“This has been one of the more pivotal periods in our history. Influenced and essentially guided by Education International (EI), the United Nations (UN) is in the process of urging its member states to act decisively to address the global education crisis. And to do this specifically by elevating and transforming the role and status of the teaching profession.” With these words, EI General Secretary David Edwards started his progress report during the 64th EI Executive Board meeting held from November 13th-16th in Brussels, Belgium.
EI General Secretary’s progress report
Stressing work done by UN High-Level Panel on the Teaching Profession, where EI and teacher unions are represented, he explained that this body agreed that governments worldwide must act decisively to address the global education crisis by elevating and transforming the role, status, and future of the teaching profession.
The Panel is now finalising a set of recommendations which are forecasted to be launched early next year.
Go Public! Fund Education campaign
He went on to highlight that the EI “Go Public! Fund Education” campaign is reaching all regions of the world, focusing on raising awareness and engagement on the importance of investing in the profession and fully funding public education by engaging members, research, communications, and capacity building.
About the 2023 International Barometer on the well-being of Education Staff (I-BEST) launched in October, by EI and its partners – the Education and Solidarity Network and UNESCO, he explained that this report draws from the experience of over 26,000 teachers, school principals and education support personnel across multiple territories. Despite the challenges and deteriorating working conditions, most of the respondents to the survey would choose teaching again as a career. The survey pointed out that education professionals feel undervalued and report overwhelming workload, challenging work environments, a lack of recognition and limited career advancement opportunities.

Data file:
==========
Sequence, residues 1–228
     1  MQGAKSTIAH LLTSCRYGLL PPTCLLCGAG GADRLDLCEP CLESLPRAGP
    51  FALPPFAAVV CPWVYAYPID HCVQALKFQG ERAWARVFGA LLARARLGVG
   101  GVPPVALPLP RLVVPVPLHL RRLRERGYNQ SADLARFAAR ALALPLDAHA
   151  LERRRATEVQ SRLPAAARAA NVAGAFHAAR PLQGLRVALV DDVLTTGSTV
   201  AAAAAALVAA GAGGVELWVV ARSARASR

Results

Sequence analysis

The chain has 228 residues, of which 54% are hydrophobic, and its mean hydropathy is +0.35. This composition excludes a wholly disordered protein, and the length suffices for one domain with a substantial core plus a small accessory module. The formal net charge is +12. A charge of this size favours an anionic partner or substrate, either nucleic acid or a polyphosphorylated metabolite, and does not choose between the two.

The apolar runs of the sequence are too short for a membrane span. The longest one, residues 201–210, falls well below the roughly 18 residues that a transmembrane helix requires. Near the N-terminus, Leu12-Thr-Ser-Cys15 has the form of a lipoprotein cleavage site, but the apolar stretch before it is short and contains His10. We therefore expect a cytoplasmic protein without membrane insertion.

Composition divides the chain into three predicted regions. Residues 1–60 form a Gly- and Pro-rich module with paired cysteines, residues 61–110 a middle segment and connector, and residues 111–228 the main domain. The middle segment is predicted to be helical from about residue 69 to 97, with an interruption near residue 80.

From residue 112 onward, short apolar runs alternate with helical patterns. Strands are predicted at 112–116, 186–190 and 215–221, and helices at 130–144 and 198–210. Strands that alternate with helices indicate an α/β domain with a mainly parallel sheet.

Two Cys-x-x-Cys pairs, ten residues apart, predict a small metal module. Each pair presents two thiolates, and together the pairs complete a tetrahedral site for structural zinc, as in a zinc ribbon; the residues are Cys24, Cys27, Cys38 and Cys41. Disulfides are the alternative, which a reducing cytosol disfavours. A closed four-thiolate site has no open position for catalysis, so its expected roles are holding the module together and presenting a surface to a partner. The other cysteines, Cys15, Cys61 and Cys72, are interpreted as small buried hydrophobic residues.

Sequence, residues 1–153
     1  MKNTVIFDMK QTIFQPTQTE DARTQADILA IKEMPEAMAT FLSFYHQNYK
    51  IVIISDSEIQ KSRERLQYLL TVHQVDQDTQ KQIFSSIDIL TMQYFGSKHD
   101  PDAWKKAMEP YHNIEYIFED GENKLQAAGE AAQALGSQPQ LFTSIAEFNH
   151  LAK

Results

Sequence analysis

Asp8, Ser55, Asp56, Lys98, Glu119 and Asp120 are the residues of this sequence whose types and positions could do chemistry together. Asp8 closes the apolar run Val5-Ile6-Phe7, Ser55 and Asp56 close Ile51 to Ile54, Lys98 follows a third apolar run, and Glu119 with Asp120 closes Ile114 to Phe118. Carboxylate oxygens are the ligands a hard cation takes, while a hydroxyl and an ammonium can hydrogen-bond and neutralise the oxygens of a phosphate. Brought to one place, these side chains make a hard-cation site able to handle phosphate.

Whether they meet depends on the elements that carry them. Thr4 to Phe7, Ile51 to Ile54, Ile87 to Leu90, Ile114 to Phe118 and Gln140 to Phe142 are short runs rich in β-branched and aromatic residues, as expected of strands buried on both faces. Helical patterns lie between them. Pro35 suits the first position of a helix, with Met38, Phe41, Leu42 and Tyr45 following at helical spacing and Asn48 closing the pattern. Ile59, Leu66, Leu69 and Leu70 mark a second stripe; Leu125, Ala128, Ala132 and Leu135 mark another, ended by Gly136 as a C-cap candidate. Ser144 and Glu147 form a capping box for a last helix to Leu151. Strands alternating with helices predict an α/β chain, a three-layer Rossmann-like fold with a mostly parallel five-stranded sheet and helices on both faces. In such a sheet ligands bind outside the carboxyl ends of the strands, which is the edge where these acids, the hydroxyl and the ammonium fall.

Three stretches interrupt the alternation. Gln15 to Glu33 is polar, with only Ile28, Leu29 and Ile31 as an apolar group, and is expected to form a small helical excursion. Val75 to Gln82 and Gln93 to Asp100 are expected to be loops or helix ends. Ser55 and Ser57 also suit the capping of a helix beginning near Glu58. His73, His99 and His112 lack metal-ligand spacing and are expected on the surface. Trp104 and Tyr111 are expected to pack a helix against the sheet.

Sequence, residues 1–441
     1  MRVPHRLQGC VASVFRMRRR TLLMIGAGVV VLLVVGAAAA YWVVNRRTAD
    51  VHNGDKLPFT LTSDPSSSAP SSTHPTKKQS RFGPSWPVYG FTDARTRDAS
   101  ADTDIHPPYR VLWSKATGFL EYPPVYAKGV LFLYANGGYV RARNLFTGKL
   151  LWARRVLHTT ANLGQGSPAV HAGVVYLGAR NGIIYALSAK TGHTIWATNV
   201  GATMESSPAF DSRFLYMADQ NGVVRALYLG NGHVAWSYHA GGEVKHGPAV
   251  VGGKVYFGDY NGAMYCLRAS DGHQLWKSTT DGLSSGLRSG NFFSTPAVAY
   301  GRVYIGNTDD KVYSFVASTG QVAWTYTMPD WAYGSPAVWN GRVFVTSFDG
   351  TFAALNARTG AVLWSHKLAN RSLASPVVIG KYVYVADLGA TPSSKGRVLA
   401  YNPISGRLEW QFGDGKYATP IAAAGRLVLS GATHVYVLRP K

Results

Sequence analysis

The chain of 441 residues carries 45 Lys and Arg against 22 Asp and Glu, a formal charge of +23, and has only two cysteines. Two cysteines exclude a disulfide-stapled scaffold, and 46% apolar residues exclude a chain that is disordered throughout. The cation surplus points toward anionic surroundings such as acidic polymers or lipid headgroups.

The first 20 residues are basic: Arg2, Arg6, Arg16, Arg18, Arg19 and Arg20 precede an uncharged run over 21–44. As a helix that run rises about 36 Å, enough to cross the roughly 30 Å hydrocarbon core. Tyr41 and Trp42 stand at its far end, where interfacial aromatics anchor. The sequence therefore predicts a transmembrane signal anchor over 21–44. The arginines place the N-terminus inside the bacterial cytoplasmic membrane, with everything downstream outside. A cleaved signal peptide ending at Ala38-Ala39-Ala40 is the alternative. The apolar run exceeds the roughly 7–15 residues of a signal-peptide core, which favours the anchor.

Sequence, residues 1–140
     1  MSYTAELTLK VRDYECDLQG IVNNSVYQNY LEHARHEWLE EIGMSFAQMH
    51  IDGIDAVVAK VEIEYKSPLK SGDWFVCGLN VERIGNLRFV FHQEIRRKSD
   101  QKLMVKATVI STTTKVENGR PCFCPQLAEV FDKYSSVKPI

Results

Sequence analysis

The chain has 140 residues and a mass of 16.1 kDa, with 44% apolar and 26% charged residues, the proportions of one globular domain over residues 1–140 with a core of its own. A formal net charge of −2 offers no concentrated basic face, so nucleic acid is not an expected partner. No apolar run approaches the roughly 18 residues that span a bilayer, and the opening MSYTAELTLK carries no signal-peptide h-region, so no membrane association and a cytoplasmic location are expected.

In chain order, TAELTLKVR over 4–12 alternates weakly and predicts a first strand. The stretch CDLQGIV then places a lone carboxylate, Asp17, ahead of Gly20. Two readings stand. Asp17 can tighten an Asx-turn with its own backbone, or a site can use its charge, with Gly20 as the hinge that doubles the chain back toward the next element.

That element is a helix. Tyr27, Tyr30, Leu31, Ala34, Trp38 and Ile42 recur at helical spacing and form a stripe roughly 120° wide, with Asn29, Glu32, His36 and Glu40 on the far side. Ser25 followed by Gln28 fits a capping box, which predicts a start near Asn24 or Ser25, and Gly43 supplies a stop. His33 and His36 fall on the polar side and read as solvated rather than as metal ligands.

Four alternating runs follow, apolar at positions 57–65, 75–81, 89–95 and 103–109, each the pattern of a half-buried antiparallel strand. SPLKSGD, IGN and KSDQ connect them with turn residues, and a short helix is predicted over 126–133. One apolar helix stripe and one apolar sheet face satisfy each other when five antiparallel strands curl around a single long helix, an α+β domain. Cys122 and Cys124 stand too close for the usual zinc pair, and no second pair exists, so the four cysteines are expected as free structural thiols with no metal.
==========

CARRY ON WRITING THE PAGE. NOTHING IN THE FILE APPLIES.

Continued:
On human and trade union rights, Edwards underlined that EI and its affiliates denounced the terrorist attack launched by Hamas against Israeli civilians, and, in the face of escalating violence in the Gaza Strip also called upon the Israel War Cabinet to end the suffering and respect the principles of the United Nations Charter and international humanitarian law.
This year, World Teachers’ Day (WTD), October 5th, focused on the ramping and concerning global teacher shortage, Edwards also noted. Joining the WTD celebrations in Delhi, E I President Susan Hopgood addressed Indian education unionists as they successfully concluded their month-long ‘Bharat Yatra’ campaign, demanding the re-instatement of pension benefits for all teachers and government employees.
The EI General Secretary added that EI went on working on development cooperation projects – via DC Cafés focusing on diverse themes –, climate change education, formative assessment practices, LGBT rights, research. EI also opened a new Asia-Pacific regional office in Bangkok, Thailand.
Edwards concluded with “another really exciting development”: The proposal of the Lusophone group of EI member organisations to request from UNESCO that the transactional model of education, the relationships between teachers and students be considered World Heritage.
Progress report for the EI Africa region
It also received a presentation about work undertaken by the EI African region (EIRAF) from EI regional Director Dennis Sinyolo, who underlined that the region faces serious challenges: coups d’état – 7 coups in 3 years –, many teachers lost to COVID-19, climate change, conflicts and ramping violence.
Sinyolo also reminded that UNESCO data shows that Sub-Saharan Africa is furthest away from achieving SDG 4 and that, according to UNICEF, ¼ of all children in the region are in conflict-affected countries.